"I think that’s why a lot of people will make it seem like the end of the world, but our job as professionals and as this team representing our country in these Olympics, we have to do what’s necessary. We can still accomplish what we came here to accomplish, and we have to make sure we keep that in mind.”

You know why Lillard isn’t afraid to own up to the fact that Team USA is expected to win these games? Because it’s true.

USA Basketball didn’t win three straight Olympics and dominate every international event in between by accident. It happened because there was great care put into building those rosters and because there was tremendous buy-in from the top American players and because Krzyzewski did enough not to screw it up.

This idea that the world has caught up to the USA? Pfft. The world has been good for a long time. The French team isn’t locked in a gym in Paris working on sets all year long laying in wait to knock off the Americans. They’re professional players who have to come together in a short window for these tournaments just like our guys do.

And for the last 17 years, since the debacle in 2004 in Athens that forced USA Basketball to overhaul everything it was doing, the U.S. has been better at that than everyone else. At least until Popovich showed up with a bag full of excuses, saying ridiculous things like it was good that the U.S. lost to Nigeria in an exhibition game or that “those things happen” when you blow an eight-point lead late in the game.

It’s not supposed to happen to the United States in international competition. But it seems to happen more than its fair share under Popovich, who was an assistant under Larry Brown for the 2004 disaster and has overseen a seventh-place finish at the 2019 FIBA Basketball World Cup and now a loss at the Olympics after 19 straight wins.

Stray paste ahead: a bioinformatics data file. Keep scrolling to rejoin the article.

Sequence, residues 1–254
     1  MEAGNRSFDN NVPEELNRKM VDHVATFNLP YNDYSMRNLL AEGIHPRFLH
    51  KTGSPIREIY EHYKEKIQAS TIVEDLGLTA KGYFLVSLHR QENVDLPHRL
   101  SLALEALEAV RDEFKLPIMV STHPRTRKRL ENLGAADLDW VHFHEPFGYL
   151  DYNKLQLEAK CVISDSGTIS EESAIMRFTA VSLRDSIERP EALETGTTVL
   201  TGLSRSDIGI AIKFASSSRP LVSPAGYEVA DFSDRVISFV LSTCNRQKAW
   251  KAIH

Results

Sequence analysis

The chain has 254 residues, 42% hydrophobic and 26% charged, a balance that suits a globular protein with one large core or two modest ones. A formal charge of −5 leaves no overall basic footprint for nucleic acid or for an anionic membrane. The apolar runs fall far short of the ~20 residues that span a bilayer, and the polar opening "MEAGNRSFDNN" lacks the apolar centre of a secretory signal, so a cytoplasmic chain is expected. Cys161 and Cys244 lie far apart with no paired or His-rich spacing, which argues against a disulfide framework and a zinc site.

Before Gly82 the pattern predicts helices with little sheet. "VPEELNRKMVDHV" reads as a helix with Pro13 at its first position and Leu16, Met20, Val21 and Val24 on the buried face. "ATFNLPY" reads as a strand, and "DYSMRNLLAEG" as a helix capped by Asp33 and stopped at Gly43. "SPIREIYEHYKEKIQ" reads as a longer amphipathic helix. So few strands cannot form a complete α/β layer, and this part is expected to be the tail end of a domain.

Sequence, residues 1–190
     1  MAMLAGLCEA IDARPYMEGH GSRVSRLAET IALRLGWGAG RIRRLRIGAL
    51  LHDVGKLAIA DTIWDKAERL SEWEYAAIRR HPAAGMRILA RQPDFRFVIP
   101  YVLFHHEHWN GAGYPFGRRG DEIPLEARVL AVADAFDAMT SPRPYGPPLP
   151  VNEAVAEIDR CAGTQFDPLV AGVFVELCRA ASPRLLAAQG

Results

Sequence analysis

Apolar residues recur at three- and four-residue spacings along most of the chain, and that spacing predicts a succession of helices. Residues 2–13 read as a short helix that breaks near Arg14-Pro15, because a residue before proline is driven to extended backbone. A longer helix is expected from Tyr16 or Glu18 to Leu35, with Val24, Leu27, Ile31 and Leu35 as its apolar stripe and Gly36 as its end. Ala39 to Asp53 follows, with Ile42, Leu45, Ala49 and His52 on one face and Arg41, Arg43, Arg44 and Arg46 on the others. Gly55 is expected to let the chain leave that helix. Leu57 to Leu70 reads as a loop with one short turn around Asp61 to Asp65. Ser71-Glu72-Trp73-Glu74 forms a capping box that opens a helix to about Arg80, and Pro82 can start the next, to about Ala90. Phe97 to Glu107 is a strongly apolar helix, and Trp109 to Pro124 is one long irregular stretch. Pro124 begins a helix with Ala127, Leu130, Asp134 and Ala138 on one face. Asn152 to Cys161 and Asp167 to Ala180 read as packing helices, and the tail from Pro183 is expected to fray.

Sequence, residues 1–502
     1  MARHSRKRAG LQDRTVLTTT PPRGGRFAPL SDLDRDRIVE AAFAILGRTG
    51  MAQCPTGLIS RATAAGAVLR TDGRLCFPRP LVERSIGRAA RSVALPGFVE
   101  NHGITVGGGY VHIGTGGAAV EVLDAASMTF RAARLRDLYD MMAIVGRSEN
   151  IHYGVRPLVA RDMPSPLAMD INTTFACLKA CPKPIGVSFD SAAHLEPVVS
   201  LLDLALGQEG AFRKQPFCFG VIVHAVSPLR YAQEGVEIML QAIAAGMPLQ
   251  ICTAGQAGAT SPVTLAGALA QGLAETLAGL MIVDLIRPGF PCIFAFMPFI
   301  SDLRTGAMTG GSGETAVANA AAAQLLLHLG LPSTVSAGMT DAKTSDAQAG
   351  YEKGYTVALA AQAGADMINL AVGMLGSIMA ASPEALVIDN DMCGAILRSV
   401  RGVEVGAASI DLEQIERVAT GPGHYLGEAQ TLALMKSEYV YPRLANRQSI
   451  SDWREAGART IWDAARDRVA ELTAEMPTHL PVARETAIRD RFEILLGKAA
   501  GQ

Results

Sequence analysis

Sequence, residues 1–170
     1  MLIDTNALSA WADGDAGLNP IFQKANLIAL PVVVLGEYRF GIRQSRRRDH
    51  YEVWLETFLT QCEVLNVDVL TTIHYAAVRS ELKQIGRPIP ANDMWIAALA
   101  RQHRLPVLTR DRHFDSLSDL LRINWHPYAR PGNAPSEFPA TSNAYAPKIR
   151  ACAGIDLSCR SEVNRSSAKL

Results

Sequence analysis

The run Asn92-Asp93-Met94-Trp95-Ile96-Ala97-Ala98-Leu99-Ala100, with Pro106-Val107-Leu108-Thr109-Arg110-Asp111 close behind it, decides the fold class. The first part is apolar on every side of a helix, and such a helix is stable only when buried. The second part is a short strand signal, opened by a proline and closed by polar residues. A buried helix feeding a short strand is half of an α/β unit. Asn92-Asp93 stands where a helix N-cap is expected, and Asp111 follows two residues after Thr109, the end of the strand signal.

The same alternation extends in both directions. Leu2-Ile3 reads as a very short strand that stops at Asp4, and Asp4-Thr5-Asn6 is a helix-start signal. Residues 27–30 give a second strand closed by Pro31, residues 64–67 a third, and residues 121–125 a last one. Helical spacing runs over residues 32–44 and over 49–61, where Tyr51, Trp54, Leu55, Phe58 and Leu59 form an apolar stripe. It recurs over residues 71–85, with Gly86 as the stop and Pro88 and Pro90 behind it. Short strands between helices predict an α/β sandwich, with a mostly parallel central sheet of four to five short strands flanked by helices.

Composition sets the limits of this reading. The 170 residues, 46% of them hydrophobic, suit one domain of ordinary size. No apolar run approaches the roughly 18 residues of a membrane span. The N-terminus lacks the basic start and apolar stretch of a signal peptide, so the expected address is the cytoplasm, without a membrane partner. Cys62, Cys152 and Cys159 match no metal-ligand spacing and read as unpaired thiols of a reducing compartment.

“Basketball is an international sport,” Popovich said. “There are very good teams all over the world. People shouldn’t be surprised that the French team or Australian team or Lithuanian team – it doesn’t matter who it is – the gap in talent shrinks every year as there are more and more players all over the world, and you need to give the French team credit.”

You can give the French team credit while also wondering why the U.S. team wasted time at the beginning of this process by picking Kevin Love – a terrible decision that could not be justified by his play over the last couple years – only to see him bail midway through the training camp. You can wonder why the U.S., with a bevy of great young point guards who can run a half-court offense better than the guys they picked, snubbed someone like Trae Young who clearly wanted to be on the team. You can wonder why the spacing is so bad and the ball doesn’t move. You can wonder whether Popovich is too stubborn and too far past his prime to be the right choice to lead this team.

Ultimately, Team USA can shut everybody up by winning a gold medal, which is still within the realm of possibility. That’s the ultimate scoreboard.

But as we can see with our own eyes, it won’t be easy. It may not be likely. And it sure won’t be because the alleged greatest coach in basketball history figured something out.

Popovich has had years to figure out the whole Team USA thing. We’re still waiting for his first good day at the office.

This article originally appeared on USA TODAY: USA Basketball: Gregg Popovich failing as Olympics coach in Tokyo